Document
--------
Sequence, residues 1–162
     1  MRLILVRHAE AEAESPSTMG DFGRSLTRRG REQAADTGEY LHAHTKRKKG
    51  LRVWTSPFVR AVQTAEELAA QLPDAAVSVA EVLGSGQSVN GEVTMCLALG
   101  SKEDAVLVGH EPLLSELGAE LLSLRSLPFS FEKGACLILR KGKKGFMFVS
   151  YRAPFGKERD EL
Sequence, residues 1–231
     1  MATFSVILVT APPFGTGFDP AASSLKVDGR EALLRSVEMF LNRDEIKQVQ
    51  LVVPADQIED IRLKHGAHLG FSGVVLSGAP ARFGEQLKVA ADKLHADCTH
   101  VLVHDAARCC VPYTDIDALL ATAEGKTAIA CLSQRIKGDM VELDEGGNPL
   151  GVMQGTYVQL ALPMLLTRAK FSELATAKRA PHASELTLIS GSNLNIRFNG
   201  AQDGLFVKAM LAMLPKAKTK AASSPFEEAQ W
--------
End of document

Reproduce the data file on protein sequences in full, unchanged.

Sequence, residues 1–162
     1  MRLILVRHAE AEAESPSTMG DFGRSLTRRG REQAADTGEY LHAHTKRKKG
    51  LRVWTSPFVR AVQTAEELAA QLPDAAVSVA EVLGSGQSVN GEVTMCLALG
   101  SKEDAVLVGH EPLLSELGAE LLSLRSLPFS FEKGACLILR KGKKGFMFVS
   151  YRAPFGKERD EL
Sequence, residues 1–231
     1  MATFSVILVT APPFGTGFDP AASSLKVDGR EALLRSVEMF LNRDEIKQVQ
    51  LVVPADQIED IRLKHGAHLG FSGVVLSGAP ARFGEQLKVA ADKLHADCTH
   101  VLVHDAARCC VPYTDIDALL ATAEGKTAIA CLSQRIKGDM VELDEGGNPL
   151  GVMQGTYVQL ALPMLLTRAK FSELATAKRA PHASELTLIS GSNLNIRFNG
   201  AQDGLFVKAM LAMLPKAKTK AASSPFEEAQ W